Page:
Zuma Vs. Puzz Loop

Discussion in 'Indie Business' started by simonh, Jan 19, 2006.

  1. Stu

    Stu
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    Wow. I would be less surprised if you said, "are you telling me that the world isn't flat?"

    Yes Savant, "law" is arguable.

    The great cloning debate does not boil down to "law."

    "Law" has to be interpreted and applied in every legal case, sometimes easy, sometimes not. (What laws apply? Were the laws broken? Who broke them? How do we punish them? Is the law legal?) This is done by "arguing." The arguing is done by plaintiffs, defendents, LAWYERS, prosecutors, etc. The arguing is done in front of judges, jurors, etc. Then, the judges and jurors give their OPINIONS and the case is decided. From there, a case may be appealed where the arguing starts all over. This can go on for years and those paid to professionally argue (LAWYERS) make fortunes in the process.

    "Law" does not establish a razor thin line that divides right from wrong.
     
  2. Anthony Flack

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    And it's continually changing as circumstances change, too.
     
  3. Savant

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    Yeah, hey, there are those responses I was talking about...

    One quick note: What gave you the impression I was talking about lawyers/judges not being able to argue the law? I mean, seriously. You can stop capitalizing LAWYERS now since you're not even making a relevant point.
     
  4. Stu

    Stu
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    One quick response to your one quick note: Well I would ask you next just what you did mean by "law is not arguable" but you're right, any discussion that stems from that statement is absurd as the statement itself is absurd.

    "I always advocated a simple, non-enforcable policy of just trying to be reasonable." (Anthony Flack)

    Speaking of relevance this is the best we can do and it deserves to be repeated.
     
  5. Savant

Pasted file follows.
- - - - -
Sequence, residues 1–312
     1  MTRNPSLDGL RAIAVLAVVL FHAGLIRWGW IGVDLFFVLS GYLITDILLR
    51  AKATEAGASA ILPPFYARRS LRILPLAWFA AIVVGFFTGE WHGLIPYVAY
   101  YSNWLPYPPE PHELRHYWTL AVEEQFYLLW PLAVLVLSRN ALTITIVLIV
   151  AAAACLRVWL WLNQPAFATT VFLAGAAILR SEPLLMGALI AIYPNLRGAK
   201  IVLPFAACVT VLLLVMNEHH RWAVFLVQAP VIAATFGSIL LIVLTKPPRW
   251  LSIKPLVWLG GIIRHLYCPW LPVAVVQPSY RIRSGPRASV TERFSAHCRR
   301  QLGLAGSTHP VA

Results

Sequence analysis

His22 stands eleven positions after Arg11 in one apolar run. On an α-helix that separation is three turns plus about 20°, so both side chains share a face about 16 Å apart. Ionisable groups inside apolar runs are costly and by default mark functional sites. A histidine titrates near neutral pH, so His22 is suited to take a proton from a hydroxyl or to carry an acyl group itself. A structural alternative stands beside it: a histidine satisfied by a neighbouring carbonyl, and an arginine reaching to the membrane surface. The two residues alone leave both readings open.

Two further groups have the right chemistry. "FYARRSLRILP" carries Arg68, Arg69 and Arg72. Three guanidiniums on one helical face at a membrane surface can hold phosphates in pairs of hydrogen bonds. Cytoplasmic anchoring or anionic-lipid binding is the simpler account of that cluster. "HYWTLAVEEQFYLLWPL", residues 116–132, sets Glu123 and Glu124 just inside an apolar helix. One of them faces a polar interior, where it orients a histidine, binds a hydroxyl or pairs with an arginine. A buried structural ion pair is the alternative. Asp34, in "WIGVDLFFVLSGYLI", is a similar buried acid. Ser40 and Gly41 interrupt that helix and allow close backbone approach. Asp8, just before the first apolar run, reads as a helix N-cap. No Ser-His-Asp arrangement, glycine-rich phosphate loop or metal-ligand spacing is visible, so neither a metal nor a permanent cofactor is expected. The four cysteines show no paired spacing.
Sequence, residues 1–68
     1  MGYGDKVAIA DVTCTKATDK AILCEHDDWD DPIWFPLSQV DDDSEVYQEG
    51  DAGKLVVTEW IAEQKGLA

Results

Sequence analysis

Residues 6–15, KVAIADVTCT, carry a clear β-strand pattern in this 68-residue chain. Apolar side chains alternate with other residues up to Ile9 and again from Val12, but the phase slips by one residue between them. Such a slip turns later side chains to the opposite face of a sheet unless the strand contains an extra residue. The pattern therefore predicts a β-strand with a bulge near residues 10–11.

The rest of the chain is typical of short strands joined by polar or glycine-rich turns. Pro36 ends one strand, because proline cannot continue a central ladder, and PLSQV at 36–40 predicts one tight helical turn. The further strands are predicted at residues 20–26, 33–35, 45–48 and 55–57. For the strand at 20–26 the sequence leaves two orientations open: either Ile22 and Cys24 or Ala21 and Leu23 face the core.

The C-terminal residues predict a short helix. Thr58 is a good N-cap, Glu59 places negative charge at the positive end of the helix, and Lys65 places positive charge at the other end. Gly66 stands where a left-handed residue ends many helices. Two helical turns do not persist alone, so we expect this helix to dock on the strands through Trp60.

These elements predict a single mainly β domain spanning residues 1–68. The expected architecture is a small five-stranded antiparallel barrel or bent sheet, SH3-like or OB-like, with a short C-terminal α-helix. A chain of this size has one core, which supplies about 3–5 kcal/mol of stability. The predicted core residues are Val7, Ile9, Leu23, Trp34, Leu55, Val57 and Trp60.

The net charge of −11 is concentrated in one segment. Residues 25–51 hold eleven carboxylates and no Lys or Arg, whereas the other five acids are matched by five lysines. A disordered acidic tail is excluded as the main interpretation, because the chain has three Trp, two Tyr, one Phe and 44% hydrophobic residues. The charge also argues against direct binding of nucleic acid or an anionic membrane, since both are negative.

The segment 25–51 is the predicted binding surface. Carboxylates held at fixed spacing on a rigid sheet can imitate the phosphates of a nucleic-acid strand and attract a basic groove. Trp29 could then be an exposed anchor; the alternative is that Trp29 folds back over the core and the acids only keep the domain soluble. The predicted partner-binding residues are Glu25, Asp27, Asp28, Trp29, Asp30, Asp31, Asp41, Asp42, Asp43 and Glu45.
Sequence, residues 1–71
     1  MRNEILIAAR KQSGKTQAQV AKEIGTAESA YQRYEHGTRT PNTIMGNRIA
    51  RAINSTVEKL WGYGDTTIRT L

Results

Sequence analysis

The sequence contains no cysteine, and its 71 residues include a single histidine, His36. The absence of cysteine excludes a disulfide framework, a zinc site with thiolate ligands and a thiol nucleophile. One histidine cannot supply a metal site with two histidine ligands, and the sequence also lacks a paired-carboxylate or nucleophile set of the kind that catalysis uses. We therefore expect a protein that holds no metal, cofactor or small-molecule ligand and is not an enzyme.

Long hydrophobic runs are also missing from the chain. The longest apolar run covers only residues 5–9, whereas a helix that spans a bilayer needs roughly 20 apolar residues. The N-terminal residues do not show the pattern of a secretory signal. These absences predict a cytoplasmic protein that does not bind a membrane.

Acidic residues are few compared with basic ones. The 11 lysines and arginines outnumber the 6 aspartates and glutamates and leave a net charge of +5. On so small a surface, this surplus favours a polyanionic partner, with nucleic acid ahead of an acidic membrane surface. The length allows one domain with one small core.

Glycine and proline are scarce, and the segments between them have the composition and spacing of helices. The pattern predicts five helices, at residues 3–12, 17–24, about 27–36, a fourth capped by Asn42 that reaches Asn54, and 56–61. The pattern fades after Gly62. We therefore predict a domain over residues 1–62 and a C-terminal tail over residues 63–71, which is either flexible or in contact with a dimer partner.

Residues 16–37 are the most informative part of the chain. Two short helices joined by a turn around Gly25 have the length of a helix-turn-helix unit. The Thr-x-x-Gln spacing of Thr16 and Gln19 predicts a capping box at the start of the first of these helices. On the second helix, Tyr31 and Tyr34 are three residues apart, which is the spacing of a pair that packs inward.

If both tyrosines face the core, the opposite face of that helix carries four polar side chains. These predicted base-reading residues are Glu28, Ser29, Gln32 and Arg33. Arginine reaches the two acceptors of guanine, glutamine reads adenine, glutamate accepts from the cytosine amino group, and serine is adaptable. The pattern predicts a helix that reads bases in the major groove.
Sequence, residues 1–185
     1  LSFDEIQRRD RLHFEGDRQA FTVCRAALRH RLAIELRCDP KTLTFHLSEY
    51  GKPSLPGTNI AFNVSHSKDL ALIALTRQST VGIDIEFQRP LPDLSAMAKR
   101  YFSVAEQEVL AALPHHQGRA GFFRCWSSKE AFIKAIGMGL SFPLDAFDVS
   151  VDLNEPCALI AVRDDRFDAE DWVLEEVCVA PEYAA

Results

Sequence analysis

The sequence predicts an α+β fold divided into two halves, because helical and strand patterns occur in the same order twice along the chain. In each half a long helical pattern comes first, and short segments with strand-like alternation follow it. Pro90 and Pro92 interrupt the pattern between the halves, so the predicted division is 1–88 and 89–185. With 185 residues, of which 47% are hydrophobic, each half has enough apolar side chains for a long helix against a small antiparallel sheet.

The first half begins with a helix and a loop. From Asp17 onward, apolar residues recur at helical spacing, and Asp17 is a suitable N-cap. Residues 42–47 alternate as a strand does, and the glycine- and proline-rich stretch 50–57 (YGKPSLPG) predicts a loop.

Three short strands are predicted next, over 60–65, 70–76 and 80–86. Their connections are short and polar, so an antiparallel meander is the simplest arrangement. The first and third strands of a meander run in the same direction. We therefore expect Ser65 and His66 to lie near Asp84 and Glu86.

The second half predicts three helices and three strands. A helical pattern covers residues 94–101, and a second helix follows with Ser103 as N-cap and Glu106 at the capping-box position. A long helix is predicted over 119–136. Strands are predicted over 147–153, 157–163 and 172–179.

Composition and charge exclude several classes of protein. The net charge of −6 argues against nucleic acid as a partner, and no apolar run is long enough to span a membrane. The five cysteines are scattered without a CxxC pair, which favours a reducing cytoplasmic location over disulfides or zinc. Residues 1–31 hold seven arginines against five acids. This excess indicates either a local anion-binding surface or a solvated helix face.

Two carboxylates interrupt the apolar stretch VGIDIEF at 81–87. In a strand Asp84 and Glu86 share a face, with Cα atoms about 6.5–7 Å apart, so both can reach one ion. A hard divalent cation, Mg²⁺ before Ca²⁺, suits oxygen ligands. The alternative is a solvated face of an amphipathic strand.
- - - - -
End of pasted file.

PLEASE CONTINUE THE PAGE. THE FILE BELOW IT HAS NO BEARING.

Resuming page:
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    I'm hating myself for writing this, but I said I wouldn't take it any further and I'm not going to. The responses so far are EXACTLY what I was expecting. It's amazing. Not discussing further. Move along.
     
  6. paulhuxt

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    interest in promoting cloning?

    It seems trying to establish "cloning" (not just "borrowing ideas here and to") as a normal/acceptable practice is interesting for:

    part 1: (those are quite irrelevant and harmless)

    - game designers having poor or few ideas, or just having fun with copying the games they like.

    - "parasites" nicely mentioned above in this thread by Chuzzle's "creator" (?).

    - "philosophers" who see cloning it as the perfect materialization of the "immateriality or un-protectability of ideas". Note: in philosophy it is NOT "common practice" to borrow the core ideas of another philosopher and re-write its works... they rather give credit of their sources.

    part 2: (those are more dangerous because they can use their dominant position to "set the rules"):

    - publishers having found a niche market and having substancial means to "port", "adapt" previous game mechanics of other games to this niche market... which seems economically sound.. on the short term.

    - retailers/portals that are ALSO publishers, and don't want to pay royalties to the cloned game's creators (this situation already occurs in hypermarket industry)

    The problem with these is that they tend to resemble to those of part 1, give echo to those of part 1, and ... while the niche tends to mixup with the other game industries, may really end up in the part 1 category.
    The more they try to justify themselves (strangely, they rarely admit that economic profit is their sole motivation, preferring to resort to hyprocrit reasons like artistic quality, or else), the more they look like those of part 1.

    More seriously, they tend to make things more difficult for innovating indies (if any), and for innovation in general:

    - As an independant developper, I would be very careful before submitting a game to a "serial-cloner" publisher.
    - But nevertheless, if a release a game by myself and if it makes a hit, it will take 3-6 months to these serial-cloners, to release an "enhanced" title (more graphics, more sounds, more movie stars, more movie licence, more production value,...?).




    This was just to point out what stakes hide behind "promoting cloning as acceptable practice", ..

    My conclusion is that there is ALSO and moreover actually a greater interest for the game design itself and the game designers as economic agents, in despising this pratice.

    This kind of "conflict between interests" already occured in history (eg with theater writers)... Sometimes it can even end with a formalized "rule" or "law", sometimes not, but the absence of rule is not a precondition for resigning.
     
  7. Anthony Flack

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    No it isn't. It's entirely predictable, because that's how things are. It's, you know, the obvious point to make.
    Well, all right then, I suppose.
     

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